Wednesday, December 06, 2006


A TV Critic Compares The Two "Offices"

The article at the link below is the sort of piece that you read for the writing as much as for the content, so I won't bother to synopsize it in detail. It's a two-for-one TV review, comparing "The Office" from the UK with Ricky Gervais to our own homegrown version with Steve Carrel. Both Gervais and Carrel attempt to ingratiate themselves with their employees - to be their "buddy", to wit - each is his own way. Despite the differences in their tactics, both lay themselves open for some excruciating embarrassment. The strangest thing about both shows, from my own perspective as a serial underling, is that I don't think I can recall any boss who tried to be my "buddy" - or even my "daddy" or my "mommy". A few made a feeble effort of "mentoring" me, but most of the time they just told me what to do. Or not. If they did assume an inappropriate role on a regular basis, it was that of a nemesis or at the very least a non-stop insult machine. That indeed was the usual scenario. When they are not playing the clown, both lead characters of "The Offices" invest themselves in a pretentious business patois that is very familiar to me. Steve Carrel is a "karaoke machine of samplings from leadership manuals", which is so appropos on so many different levels that it's not even funny - and I've had at least my fair share of bosses who talked like that.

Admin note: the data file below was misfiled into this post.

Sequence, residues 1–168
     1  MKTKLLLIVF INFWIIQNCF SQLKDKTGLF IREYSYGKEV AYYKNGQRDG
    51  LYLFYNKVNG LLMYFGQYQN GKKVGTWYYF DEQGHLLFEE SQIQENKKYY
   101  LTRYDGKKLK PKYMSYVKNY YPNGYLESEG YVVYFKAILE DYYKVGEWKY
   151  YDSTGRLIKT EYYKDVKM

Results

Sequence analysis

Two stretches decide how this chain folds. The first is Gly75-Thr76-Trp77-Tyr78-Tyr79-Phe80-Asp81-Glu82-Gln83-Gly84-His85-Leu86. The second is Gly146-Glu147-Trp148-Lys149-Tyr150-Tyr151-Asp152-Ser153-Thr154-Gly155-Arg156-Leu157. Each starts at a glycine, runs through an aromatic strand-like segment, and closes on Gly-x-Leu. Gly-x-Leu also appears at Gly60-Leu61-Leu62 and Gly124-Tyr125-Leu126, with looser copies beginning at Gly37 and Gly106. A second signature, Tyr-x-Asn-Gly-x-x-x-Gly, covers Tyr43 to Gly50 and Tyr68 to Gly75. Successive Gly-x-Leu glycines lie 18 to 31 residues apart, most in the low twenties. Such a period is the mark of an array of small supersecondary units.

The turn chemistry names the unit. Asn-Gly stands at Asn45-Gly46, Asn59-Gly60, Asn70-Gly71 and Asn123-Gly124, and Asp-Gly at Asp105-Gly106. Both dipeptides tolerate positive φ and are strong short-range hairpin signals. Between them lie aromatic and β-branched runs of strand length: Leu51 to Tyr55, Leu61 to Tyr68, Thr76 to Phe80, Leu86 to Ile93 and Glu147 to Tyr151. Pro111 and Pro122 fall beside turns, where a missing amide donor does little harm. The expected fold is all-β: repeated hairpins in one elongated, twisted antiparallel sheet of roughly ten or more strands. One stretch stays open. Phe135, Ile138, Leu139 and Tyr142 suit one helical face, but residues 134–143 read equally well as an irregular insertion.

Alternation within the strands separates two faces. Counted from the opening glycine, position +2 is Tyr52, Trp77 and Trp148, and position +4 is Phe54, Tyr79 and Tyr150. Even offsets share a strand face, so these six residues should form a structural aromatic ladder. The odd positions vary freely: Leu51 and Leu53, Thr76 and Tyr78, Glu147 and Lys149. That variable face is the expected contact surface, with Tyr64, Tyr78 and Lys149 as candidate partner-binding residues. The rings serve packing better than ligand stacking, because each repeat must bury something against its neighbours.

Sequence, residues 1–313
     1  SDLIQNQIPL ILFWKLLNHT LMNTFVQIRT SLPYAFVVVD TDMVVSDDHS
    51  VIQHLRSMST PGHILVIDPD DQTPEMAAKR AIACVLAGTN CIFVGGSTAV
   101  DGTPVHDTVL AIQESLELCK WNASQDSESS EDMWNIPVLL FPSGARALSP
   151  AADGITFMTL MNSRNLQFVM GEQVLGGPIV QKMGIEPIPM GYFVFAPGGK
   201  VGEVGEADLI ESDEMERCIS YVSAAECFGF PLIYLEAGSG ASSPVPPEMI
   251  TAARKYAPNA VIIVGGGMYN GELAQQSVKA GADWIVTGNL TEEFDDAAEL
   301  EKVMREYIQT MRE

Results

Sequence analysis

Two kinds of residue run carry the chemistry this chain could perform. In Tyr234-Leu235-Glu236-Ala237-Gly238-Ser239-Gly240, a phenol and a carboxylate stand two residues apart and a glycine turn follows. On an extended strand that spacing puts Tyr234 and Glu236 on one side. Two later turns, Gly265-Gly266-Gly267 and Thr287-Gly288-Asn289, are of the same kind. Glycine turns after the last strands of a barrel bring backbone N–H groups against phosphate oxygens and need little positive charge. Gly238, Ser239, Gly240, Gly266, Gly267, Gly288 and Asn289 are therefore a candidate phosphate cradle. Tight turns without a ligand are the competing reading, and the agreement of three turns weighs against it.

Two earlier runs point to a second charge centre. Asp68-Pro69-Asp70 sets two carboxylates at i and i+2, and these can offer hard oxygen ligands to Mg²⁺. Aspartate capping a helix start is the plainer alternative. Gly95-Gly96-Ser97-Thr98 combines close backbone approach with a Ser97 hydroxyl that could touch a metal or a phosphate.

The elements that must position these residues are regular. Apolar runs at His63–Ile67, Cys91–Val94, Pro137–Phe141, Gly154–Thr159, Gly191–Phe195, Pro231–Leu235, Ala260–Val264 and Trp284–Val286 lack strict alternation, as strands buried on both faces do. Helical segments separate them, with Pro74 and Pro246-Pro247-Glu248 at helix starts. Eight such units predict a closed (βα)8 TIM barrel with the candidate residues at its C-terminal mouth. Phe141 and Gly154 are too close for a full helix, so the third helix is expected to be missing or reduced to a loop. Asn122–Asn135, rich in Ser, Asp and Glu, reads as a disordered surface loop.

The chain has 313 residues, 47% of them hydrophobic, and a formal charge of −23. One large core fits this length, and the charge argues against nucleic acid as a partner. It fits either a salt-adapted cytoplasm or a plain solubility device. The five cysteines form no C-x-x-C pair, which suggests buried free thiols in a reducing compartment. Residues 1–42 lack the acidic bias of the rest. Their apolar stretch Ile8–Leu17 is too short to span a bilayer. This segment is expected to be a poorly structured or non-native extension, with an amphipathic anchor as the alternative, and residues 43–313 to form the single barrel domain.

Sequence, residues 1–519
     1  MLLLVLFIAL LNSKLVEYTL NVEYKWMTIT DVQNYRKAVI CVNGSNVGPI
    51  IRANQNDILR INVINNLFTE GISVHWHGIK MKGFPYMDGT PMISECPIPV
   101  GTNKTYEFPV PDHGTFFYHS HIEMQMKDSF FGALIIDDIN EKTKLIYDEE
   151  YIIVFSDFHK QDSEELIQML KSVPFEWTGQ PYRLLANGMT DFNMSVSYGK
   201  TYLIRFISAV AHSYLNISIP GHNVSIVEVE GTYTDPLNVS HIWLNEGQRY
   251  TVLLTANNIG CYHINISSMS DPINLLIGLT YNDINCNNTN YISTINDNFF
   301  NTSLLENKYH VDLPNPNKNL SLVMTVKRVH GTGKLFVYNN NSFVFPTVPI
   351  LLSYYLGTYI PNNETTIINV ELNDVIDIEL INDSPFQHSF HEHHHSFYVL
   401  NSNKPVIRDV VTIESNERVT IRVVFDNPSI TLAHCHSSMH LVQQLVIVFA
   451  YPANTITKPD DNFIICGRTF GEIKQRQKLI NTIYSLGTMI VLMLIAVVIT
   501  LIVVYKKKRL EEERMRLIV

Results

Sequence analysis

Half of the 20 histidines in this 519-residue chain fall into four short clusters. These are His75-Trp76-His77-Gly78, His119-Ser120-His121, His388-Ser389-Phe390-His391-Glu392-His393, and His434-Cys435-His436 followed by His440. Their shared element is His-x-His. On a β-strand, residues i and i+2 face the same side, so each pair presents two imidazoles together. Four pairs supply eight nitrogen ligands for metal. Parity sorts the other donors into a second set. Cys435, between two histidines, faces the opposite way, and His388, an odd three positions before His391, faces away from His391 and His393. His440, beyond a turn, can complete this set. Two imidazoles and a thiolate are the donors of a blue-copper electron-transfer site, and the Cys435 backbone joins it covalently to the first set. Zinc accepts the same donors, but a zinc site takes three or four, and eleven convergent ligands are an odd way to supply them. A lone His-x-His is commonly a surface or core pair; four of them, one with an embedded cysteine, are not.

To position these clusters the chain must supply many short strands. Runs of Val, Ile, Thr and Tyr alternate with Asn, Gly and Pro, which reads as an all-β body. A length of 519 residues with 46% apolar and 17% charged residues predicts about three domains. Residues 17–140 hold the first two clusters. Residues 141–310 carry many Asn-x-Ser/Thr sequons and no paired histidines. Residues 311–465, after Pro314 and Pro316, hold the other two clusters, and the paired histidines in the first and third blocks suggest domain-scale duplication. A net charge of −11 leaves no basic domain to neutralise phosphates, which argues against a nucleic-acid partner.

One key difference between the two programs is that the American version is prettier and sweeter. It is par for the course these days for even our satires to be candy-coated. The characters are generally better looking, the office is itself "brighter and noisier, with more posters, parties and pep" and the "British scabrousness and barely suppressed violence is gone". The American scabrousness and barely suppressed violence exists in real offices though, just not on television.

"Paper Chase" from The New Yorker

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